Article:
中文
Calm Abiding 2
Kagyu Samye Ling, UK, 9 October 2016, morning teaching session.

Summary: The importance of having a relaxed and positive attitude to both our posture and practice; how to place the mind with mere awareness; rely on your own experience and read the signs of teachings; develop the muscles of meditation when things are going well and you’re happy.


The way of prostrating and chanting

Good morning. At the start of the sessions, when we come into the shrine room, we will all prostrate together. There is a particular way of doing this. For example, if it is before the beginning of a teaching, then firstly the lama will come and prostrate to the throne three times imagining Buddha Shakyamuni is seated upon the throne. Then the lama will sit on the throne as the representative of the Buddha, and proceed to teach the dharma. Then those who are going to receive the teachings will respectfully make prostrations. That’s the traditional way, but now, while we are all doing practice sessions together, there are two possible ways to approach this. The first would be that we prostrate to the lama once they are seated, and then enter into the practice of guru yoga, and in that way prostrating to the lama is correct. The second would be when there is no particular teaching being given, the lama and students all prostrate together, with the students thinking they are prostrating to the particular object of their faith, so it becomes personal. Then, having prostrated together the lama and students enter into the practice session.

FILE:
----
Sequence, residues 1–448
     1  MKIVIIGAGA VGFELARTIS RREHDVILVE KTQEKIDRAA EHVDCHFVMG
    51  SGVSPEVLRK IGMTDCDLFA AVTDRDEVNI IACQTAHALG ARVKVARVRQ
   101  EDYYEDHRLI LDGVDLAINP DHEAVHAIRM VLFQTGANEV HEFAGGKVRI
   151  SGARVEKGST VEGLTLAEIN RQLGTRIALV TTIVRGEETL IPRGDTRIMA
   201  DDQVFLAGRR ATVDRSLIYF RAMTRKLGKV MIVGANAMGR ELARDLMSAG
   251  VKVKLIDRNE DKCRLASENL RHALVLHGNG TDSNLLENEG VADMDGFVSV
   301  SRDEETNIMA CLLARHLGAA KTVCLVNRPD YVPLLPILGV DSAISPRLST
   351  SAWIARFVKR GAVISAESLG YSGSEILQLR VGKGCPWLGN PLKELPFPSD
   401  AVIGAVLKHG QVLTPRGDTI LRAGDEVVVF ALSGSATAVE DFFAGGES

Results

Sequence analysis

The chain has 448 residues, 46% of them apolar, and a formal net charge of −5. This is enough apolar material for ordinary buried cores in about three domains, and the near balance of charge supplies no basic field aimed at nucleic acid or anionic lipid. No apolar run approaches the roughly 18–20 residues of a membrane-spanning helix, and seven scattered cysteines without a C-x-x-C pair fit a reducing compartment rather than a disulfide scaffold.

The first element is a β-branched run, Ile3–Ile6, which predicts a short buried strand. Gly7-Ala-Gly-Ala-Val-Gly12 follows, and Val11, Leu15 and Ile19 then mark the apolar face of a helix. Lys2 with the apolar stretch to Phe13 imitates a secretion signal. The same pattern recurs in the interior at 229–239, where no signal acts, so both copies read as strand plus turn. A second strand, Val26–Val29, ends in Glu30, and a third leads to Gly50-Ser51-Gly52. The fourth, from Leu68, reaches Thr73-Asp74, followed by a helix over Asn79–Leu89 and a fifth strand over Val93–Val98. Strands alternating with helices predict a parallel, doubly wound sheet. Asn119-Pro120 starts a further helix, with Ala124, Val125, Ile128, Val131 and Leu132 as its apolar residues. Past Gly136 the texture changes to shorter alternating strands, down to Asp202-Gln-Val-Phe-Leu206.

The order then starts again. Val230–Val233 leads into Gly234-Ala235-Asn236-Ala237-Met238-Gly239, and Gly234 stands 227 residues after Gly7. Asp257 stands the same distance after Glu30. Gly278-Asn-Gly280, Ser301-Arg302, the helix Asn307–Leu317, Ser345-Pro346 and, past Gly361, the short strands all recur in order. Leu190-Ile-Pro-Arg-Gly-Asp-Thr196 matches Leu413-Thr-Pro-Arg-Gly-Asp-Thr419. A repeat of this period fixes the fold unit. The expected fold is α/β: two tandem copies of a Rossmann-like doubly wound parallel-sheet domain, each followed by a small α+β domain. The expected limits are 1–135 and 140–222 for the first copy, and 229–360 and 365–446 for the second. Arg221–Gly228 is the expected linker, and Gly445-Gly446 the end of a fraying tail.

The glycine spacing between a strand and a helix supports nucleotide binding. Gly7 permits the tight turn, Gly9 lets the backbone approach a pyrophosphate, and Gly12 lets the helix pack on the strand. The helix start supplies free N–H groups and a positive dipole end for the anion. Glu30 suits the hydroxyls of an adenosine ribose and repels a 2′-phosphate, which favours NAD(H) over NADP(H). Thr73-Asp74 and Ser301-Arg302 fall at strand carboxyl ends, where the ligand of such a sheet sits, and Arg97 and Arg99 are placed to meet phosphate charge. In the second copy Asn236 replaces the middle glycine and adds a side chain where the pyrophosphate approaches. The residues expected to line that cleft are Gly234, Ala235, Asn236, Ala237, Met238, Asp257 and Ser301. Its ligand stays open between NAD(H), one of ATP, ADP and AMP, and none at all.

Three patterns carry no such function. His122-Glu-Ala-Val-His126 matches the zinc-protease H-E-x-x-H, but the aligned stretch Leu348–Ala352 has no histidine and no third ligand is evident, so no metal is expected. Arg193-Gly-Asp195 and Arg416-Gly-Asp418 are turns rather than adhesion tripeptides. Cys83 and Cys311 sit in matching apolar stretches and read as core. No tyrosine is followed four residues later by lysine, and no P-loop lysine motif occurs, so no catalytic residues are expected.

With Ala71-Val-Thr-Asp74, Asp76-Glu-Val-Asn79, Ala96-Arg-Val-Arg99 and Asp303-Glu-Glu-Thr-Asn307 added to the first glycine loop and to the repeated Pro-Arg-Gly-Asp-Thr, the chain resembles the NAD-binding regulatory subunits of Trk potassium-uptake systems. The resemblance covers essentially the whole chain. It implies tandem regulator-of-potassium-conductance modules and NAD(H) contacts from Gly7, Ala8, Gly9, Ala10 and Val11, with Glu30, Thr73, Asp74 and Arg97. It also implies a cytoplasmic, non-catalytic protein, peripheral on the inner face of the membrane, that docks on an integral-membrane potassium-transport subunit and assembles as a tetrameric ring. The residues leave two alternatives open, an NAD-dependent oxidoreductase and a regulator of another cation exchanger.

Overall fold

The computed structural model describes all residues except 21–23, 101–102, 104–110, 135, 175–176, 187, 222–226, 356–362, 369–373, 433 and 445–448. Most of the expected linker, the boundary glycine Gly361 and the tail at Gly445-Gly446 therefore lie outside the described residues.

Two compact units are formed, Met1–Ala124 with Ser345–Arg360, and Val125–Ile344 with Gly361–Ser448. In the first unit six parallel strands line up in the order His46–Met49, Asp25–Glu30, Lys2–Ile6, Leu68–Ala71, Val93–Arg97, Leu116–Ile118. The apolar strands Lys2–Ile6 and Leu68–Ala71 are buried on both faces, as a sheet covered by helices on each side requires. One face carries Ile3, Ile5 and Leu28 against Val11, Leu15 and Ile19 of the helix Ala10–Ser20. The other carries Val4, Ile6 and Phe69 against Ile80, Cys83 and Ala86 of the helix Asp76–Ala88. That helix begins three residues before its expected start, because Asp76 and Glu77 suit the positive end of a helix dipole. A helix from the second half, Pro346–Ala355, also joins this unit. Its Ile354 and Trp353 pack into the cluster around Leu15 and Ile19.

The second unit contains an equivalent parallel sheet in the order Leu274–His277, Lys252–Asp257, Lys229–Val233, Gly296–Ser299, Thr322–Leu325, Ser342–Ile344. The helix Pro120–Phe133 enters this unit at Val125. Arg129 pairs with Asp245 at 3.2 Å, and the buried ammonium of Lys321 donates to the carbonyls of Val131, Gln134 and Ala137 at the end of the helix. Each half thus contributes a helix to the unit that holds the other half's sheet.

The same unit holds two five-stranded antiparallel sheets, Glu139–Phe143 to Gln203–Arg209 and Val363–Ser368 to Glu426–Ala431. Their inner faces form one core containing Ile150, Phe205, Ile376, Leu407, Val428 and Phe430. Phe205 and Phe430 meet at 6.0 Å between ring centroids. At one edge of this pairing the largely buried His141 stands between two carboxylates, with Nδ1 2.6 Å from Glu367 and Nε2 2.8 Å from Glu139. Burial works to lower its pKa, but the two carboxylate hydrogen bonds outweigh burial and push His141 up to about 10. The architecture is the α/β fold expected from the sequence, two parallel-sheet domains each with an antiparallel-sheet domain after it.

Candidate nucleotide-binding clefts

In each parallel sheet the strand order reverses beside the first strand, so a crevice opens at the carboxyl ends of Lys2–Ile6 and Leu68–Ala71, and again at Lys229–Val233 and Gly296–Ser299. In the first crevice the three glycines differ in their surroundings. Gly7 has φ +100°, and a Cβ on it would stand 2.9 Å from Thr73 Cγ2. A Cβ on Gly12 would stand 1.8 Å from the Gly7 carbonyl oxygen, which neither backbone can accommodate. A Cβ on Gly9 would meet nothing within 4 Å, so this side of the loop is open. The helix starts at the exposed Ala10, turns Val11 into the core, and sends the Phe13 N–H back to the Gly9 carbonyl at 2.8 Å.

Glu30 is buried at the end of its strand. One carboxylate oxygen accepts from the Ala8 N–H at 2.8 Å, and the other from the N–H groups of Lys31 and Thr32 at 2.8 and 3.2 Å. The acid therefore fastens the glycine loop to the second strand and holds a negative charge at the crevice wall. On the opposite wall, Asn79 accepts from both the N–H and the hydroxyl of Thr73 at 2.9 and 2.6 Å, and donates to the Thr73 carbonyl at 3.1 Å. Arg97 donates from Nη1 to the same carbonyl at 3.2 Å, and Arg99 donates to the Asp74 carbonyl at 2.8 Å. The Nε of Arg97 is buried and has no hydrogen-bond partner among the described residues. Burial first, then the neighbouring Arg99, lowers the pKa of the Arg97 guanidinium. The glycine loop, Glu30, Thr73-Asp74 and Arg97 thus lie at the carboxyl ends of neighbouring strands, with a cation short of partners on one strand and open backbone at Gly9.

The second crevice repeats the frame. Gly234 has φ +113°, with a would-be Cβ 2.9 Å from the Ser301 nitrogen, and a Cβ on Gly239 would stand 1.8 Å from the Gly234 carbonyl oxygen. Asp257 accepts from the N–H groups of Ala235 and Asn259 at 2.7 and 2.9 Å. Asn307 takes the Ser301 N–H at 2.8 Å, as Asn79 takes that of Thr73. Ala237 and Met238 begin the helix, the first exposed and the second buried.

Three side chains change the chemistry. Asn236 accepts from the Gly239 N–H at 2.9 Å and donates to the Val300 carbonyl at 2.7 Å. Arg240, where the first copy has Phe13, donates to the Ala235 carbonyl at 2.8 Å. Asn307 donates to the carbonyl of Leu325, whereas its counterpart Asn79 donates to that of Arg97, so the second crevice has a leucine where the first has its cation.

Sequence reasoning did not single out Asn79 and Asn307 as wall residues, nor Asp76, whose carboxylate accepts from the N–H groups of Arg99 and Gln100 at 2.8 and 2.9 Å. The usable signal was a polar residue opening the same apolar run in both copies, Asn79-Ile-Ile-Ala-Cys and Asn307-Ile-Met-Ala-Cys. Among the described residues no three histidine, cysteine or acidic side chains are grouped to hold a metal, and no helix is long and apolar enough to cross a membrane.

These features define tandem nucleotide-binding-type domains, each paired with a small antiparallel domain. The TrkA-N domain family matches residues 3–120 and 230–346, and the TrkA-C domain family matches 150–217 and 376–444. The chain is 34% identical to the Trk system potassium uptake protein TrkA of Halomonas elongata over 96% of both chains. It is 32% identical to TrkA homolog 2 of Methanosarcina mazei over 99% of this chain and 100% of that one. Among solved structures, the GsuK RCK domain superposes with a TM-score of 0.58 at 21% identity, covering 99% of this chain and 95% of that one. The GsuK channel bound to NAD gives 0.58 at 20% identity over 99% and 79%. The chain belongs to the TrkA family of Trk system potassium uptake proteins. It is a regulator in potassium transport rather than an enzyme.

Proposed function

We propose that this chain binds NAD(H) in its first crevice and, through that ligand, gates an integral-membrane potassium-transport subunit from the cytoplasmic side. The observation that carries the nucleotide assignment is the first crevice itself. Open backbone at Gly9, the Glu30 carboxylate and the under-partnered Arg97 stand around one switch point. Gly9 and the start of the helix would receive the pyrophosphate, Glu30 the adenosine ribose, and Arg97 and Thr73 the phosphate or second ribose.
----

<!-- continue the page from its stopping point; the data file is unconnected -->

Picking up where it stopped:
Also, at the beginning and end of the teaching sessions, there are prayers that we recite. Previously we’ve been reciting them in Tibetan, but in the Sekhar retreat in Nepal, in the class for English speakers we do the prayers in English, in the class for Chinese speakers the prayers are done in Chinese, and if the class is principally given to Tibetan speakers then the prayers are done in Tibetan. So I thought that here, in the mornings we would do the prayers in English and in the evenings in Tibetan. And as the teachings have been sent from Nepal to the two Samye Ling retreats over the past few months, the retreatants are used to reciting the prayers in English, so they will be the umzi’s(chant leaders). When the chants are in English, the tunes used have been established by the western students in Sekhar: the tune used for the Dorje Chang Tungma was composed by His Holiness the Karmapa, but the other chants they composed amongst themselves, and after trying them out over a few months they decided what worked best in English. I also listened to them, and feeling that they sounded okay, said they could be used. But, if any of you has a particular tune you think will work really well, then please record it and give it to me, and we’ll see about using it in the future. It’s important that the tunes that we use are related to the practice and stir up feelings of faith, renunciation, and bodhicitta. We know don’t we, that certain tunes may make us feel particularly desirous or angry. So tunes do evoke certain feeling in us, and those we use should inspire faith, compassion and renunciation, because these are what we need to develop. If, however, you all send me one, I could end up with a bit of a headache, so please only send those you really feel, ‘Yes, this is really worth using.’


Having a good mental attitude to the posture